Set in the hallways of an imaginary conference on philosophy and nuclear war, Nuclear Dialogues presents conversations on a wide range of arms race issues in a variety of philosophical styles and from a variety of standpoints. Among the questions: Do philosophers have anything unique to contribute? What does it mean to be against nuclear weapons? How sexist are attitudes towards peace activism? Does the policy of deterrence involve making threats, and when is it morally O.K. to make threats? Is the policy a form of hostage-taking? Does the same morality bind nations and individuals? Is it literally insane to plan a nuclear war? Is it wrong to let emotions influence moral judgments? Can lives be the subject of calculation? How important is the nuclear issue? What is peace and what are ways of working towards it? Nuclear Dialogues is accessible to those with no philosophic training and is a useful text for courses on the arms race and international relations.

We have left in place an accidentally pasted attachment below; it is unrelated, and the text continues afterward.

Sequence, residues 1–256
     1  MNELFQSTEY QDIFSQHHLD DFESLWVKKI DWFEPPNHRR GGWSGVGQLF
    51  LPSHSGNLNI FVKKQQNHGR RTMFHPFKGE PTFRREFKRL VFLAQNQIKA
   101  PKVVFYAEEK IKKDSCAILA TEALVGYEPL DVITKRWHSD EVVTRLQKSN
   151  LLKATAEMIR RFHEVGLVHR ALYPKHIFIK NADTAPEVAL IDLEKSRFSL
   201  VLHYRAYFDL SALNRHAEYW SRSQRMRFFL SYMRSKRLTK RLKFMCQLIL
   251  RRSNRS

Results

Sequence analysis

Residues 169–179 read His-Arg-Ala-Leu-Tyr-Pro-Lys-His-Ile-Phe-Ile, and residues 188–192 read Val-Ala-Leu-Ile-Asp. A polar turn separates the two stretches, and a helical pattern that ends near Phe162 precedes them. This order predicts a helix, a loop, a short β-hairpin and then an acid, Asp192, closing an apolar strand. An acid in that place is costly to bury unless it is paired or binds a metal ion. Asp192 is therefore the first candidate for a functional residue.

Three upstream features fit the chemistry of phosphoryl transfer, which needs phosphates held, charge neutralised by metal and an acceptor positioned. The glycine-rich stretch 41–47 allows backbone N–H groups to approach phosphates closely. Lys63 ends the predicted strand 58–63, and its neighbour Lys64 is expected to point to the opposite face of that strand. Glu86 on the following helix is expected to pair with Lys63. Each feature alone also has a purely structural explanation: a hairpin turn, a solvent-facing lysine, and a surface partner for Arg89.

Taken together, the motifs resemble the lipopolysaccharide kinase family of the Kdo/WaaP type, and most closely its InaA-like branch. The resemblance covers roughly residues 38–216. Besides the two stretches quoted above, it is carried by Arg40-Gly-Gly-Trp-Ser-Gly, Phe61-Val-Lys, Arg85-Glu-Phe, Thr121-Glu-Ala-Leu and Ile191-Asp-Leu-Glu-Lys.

New York, Bern, Frankfurt/M., Paris, 1987. XIV, 226 pp.
Contents: Imaginary dialogues among philosophers on the nuclear arms race - Topic include: Nature and morality of deterrence
- Morality of individuals and nations - The varieties of peace - Sexism and peace issues - Respectful discussions among reasonable